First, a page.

Guidance: Registered Nurse Trainers
The Ohio Department of Developmental Disabilities (DODD) would like to encourage all Registered Nurse (RN) Trainers to incorporate the Centers for Disease Control and Prevention (CDC) and the Centers for Medicare and Medicaid Services (CMS) guidance for preventing the transmission of communicable diseases while teaching medication administration certification classes.
As a response to the coronavirus (COVID-19), attendee wellness screening, social distancing, universal precautions, standard precautions, and transmission-based precautions should all be applied to the organization and conducting of medication administration certification initial training classes. Renewal education and skills verification may be done remotely, as needed, if conducted in such a way that learner attendance and skill performance can be reasonably verified.
Excerpts from OSHA Guidance
Read “Worker protections against occupational exposure to infectious diseases” here.
The Occupational Safety and Health Administration (OSHA) standards for blood-borne pathogens (BBP, 29 CFR 1910.1030) and personal protective equipment (PPE, 29 CFR 1910 Subpart I):
- Universal precautions (UP), originally recommended by the CDC in the 1980s, was introduced as an approach to infection control to protect workers from HIV, HBV, and other bloodborne pathogens in human blood and certain other body fluids, regardless of a patients’ infection status. UP is an approach to infection control in which all human blood and certain human body fluids are treated as if they are known to be infectious. Although the BBP standard incorporates UP, the infection control community no longer uses UP on its own.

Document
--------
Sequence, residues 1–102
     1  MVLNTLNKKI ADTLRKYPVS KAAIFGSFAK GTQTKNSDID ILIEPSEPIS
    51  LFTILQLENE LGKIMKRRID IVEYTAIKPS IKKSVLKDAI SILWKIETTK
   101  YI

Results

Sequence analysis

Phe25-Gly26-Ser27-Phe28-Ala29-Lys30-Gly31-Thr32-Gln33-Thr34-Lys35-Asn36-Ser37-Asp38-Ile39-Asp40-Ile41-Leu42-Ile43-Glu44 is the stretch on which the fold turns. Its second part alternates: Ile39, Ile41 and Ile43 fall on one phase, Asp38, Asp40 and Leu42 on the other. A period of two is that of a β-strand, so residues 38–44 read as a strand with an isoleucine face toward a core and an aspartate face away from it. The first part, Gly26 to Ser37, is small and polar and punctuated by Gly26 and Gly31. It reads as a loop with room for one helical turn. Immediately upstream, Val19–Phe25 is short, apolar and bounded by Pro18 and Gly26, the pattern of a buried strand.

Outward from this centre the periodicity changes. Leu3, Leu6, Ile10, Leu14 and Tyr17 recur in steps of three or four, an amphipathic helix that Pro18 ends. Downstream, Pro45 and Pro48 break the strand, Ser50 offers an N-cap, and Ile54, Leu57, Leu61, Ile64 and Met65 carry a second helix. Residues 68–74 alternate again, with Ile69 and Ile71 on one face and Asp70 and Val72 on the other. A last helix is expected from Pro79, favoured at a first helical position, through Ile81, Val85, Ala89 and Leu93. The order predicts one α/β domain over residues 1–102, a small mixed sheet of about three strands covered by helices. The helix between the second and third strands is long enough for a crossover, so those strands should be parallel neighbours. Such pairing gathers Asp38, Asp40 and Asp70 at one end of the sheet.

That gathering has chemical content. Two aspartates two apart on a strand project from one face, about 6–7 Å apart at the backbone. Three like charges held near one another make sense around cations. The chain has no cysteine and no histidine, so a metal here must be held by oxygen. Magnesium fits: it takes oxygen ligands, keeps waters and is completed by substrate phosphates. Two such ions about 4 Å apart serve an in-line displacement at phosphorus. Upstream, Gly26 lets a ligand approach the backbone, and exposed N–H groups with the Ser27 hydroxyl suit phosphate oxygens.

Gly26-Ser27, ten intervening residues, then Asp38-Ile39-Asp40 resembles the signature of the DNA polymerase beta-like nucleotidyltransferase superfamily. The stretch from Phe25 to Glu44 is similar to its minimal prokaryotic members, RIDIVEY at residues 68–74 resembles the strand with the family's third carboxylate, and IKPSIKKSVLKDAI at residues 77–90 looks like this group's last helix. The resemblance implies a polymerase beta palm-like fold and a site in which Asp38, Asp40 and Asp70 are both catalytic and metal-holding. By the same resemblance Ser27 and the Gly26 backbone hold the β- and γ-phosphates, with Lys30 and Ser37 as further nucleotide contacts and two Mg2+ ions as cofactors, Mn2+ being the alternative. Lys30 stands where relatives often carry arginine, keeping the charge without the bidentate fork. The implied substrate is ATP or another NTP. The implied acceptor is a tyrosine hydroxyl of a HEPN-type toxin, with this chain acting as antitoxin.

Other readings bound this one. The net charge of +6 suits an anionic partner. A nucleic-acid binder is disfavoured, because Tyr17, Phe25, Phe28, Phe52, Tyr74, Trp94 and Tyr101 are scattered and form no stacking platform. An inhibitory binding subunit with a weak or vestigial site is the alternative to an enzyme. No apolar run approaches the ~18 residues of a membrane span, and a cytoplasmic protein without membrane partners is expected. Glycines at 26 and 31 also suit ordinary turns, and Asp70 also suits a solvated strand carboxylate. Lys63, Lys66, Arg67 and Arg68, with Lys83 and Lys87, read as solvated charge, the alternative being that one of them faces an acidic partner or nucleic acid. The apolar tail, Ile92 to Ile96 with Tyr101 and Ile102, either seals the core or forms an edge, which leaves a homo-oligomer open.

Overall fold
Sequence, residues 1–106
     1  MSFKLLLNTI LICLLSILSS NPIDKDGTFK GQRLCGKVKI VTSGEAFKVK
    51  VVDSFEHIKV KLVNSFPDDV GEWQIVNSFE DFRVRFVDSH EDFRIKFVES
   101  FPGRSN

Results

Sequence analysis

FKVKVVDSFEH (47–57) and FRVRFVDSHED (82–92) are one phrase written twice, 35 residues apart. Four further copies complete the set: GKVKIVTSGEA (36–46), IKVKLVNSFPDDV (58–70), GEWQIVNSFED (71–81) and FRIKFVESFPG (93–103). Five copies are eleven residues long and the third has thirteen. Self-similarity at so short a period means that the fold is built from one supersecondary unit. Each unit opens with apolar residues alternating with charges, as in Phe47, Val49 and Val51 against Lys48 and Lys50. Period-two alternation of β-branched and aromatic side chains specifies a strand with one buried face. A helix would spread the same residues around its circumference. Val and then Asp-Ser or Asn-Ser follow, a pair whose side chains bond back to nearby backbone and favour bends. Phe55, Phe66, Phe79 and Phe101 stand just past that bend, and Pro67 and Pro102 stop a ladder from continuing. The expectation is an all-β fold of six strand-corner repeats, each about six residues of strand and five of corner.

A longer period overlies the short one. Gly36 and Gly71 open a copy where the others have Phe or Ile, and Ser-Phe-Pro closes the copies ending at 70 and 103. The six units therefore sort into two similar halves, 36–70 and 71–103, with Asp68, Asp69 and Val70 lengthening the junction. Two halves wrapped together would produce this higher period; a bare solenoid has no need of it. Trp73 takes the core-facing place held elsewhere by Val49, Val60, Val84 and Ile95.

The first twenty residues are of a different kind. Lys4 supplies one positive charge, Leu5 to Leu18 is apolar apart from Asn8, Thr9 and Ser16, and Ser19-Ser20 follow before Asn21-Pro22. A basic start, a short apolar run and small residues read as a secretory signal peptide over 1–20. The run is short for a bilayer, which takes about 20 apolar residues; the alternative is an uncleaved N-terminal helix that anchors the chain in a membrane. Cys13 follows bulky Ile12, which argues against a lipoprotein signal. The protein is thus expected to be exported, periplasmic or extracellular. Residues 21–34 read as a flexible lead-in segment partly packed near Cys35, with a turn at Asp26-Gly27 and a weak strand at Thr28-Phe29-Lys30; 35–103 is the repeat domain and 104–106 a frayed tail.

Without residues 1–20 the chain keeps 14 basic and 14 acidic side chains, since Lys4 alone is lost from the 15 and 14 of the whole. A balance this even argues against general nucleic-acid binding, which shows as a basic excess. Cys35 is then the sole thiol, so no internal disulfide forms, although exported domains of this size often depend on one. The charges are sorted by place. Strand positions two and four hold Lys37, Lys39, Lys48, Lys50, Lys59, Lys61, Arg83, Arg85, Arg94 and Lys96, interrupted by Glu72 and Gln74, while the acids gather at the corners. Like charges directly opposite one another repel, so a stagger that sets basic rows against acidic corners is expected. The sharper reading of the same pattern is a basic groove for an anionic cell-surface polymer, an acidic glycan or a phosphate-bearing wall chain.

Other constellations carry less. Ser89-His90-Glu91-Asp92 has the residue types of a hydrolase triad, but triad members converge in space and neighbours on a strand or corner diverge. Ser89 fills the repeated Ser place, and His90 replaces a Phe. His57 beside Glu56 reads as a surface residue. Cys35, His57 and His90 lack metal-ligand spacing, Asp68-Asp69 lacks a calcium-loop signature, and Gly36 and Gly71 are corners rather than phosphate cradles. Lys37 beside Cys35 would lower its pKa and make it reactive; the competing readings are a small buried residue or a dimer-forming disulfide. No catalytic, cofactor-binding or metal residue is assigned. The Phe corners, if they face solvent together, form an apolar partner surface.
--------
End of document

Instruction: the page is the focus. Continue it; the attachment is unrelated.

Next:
- Standard precautions (SP), introduced in 1996 in the CDC/Healthcare Infection Control and Prevention Advisory Committee’s "1996 Guideline for Isolation Precautions in Hospitals," added additional infection prevention elements to UP in order to protect healthcare workers not only from pathogens in human blood and certain other body fluids, but also pathogens present in body fluids to which UP does not apply. SP includes hand hygiene; the use of certain types of PPE based on anticipated exposure; safe injection practices; and safe management of contaminated equipment and other items in the patient environment. SP is applied to all patients even when they are not known or suspected to be infectious.
- Transmission-based precautions (TBP) for contact-, droplet-, and airborne-transmissible diseases augment SP with additional controls to interrupt the route(s) of transmission that may not be completely interrupted using SP alone. The different types of TBP are applied based on what is known or suspected about a patient’s infection.
Excerpts from CMS Guidance
Read guidance for screening visitors in skilled nursing facilities here.
1. Signs or symptoms of a respiratory infection, such as fever, cough, shortness of breath, or sore throat.
2. In the last 14 days, has had contact with someone with a confirmed diagnosis of COVID-19, or under investigation for COVID-19, or is ill with respiratory illness.
3. International travel within the last 14 days to countries with sustained community transmission. For updated information on affected countries, visit the CDC’s site.
4. Residing in a community where community-based spread of COVID-19 is occurring.
DODD has set up a dedicated web page for department communications and links to helpful resources that will advise people with disabilities, their families, service providers, direct support professionals, county boards of developmental disabilities, and the community at large.
For specific questions about COVID-19 and additional information and resources, DODD urges you to use the Ohio Department of Health’s call center. Call 1-833-4-ASK-ODH (1-833-427-5634), or visit coronavirus.ohio.gov.